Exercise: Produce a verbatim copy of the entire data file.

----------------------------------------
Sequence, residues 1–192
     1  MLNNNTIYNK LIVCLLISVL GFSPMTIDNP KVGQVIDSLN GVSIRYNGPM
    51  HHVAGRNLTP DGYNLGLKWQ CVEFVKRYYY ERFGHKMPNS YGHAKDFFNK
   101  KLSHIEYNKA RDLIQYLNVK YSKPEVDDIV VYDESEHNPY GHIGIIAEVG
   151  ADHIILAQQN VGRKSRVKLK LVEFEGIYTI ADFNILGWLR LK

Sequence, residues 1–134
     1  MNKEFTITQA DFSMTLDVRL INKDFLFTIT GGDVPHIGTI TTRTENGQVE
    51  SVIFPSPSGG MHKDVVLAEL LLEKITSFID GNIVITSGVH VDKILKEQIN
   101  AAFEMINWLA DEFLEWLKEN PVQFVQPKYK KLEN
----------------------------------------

Sequence, residues 1–192
     1  MLNNNTIYNK LIVCLLISVL GFSPMTIDNP KVGQVIDSLN GVSIRYNGPM
    51  HHVAGRNLTP DGYNLGLKWQ CVEFVKRYYY ERFGHKMPNS YGHAKDFFNK
   101  KLSHIEYNKA RDLIQYLNVK YSKPEVDDIV VYDESEHNPY GHIGIIAEVG
   151  ADHIILAQQN VGRKSRVKLK LVEFEGIYTI ADFNILGWLR LK

Sequence, residues 1–134
     1  MNKEFTITQA DFSMTLDVRL INKDFLFTIT GGDVPHIGTI TTRTENGQVE
    51  SVIFPSPSGG MHKDVVLAEL LLEKITSFID GNIVITSGVH VDKILKEQIN
   101  AAFEMINWLA DEFLEWLKEN PVQFVQPKYK KLEN